TIANANMEN PAPERS EDITOR CITES MAJOR DRAGNET TO FIND HIM


2001-05-30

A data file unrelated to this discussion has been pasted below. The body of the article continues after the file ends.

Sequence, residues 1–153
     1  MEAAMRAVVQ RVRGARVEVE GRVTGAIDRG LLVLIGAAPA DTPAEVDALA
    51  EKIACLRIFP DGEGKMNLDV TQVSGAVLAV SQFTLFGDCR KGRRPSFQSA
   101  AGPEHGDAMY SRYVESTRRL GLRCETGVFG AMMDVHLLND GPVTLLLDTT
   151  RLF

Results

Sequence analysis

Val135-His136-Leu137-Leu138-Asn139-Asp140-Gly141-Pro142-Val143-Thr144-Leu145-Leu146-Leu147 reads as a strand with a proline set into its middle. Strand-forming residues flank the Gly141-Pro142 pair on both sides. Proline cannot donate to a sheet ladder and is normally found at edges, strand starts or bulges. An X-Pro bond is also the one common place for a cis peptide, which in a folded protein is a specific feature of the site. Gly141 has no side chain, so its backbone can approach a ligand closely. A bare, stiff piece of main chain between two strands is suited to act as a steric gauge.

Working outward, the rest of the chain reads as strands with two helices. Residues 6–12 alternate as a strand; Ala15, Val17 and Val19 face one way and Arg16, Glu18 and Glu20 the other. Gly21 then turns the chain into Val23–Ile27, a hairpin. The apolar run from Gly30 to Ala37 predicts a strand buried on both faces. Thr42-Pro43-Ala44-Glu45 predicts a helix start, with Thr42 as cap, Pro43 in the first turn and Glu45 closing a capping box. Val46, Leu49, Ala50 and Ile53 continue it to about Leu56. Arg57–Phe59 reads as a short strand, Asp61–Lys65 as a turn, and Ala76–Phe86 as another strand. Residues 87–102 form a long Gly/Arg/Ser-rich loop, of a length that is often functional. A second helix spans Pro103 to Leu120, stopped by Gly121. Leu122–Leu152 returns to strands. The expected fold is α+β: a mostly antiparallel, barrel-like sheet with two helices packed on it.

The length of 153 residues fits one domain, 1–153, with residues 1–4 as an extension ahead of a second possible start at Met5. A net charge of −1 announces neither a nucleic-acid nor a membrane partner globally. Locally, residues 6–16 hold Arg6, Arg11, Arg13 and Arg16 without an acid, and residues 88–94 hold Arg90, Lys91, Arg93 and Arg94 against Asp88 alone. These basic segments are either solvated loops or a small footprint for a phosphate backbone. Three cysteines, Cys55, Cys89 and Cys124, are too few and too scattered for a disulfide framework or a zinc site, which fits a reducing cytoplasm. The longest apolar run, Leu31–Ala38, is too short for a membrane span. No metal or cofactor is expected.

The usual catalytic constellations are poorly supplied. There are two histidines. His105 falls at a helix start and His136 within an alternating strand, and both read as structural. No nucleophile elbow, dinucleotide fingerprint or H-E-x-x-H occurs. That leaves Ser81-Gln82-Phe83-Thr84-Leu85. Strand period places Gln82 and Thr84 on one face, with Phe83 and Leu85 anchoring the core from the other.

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WASHINGTON, May 31 - The Chinese editor of The Tiananmen Papers says Chinese authorities have launched a major bid to identify and arrest him for publishing what appear to be highly confidential documents chronicling Beijing's decision to use force against its own people on June 4, 1989. In comments to be broadcast Friday and Saturday by Radio Free Asia (RFA), Zhang Liang - the pseudonym of the book's Chinese compiler - also says he expects reformers inside the Chinese Communist Party "to unite with various democratic forces, to go with the tide... and make concrete contributions to the thorough vindication of June 4 and eventual renunciation of the communist system." Zhang, a self-described Party insider who declines to provide any further clues to his identity, responded in writing to questions from RFA's Mandarin service. RFA will broadcast Zhang's comments in two parts on Friday, June 1, and Saturday, June 2, at 11:20 p.m. Chinese time. "Who is Zhang Liang? If Zhang Liang is only one person, who is he? If Zhang Liang represents a group of people, how many are there in the group?... Some say the Ministry of State Security knows for sure the true identity of Zhang Liang, and that he is supported by politburo-level officials," he says. "Because of the complexity of the factors involved, I am afraid I cannot address these questions at this juncture. But I can tell you this ? China's security apparatus has dispatched a large number of people to collect any and all information related to 'Zhang Liang' domestically, in the United States, in Hong Kong, and in other places. Those suspected of being 'Zhang Liang' have been threatened, followed, 'politely' questioned; their home and work phones have been bugged, their homes and offices have been searched and items have been confiscated... 'Zhang Liang' appreciates the concern people have shown. 'Zhang Liang' represents a growing chorus; hundreds of millions of people stand behind 'Zhang Liang.'" Zhang says at least 2,000 copies of June Fourth: the True Story - the Chinese version of The Tiananmen Papers - are circulating in China despite an official ban. He also says neither Taiwan nor the United States played any role in publication of the book. "I would like to reiterate that publishing the truth about June 4 in the United States was a decision reached after considerable deliberation. In order to assure the purity of the project, we took great pains not to have any contact with any U.S. government agencies. We sought respected China scholars known for their integrity and independent-mindedness... I did not contact anyone in any way who was involved in June 4; and I certainly did not have any contact with Taiwan - be it on an official level or with any individual," he says. "I never accepted assistance in any way, shape, or form from U.S. government agencies or Taiwan." Citing the forthcoming 12th anniversary of the 1989 crackdown, Zhang writes: "Please allow me to pay my deepest condolences to the hundreds of people who perished 12 years ago on June 4. May they rest in peace. May their family members find strength in one another. May justice be done. May the 4th of June never be forgotten. May the 4th of June never be repeated." Radio Free Asia is a private, nonprofit corporation broadcasting news and information to listeners in those Asian countries where full, accurate, and timely news reports are unavailable. Created by Congress in 1996, RFA aims to deliver such news reports - along with opinions and commentaries - and to provide a forum for a variety of voices and opinions. RFA currently broadcasts in Burmese, Khmer, Cantonese, Shanghainese, Mandarin, Laotian, Vietnamese, Korean, Tibetan, and Uyghur. It adheres to the highest journalistic standards and aims to exemplify accuracy, balance, and fairness in its editorial content.

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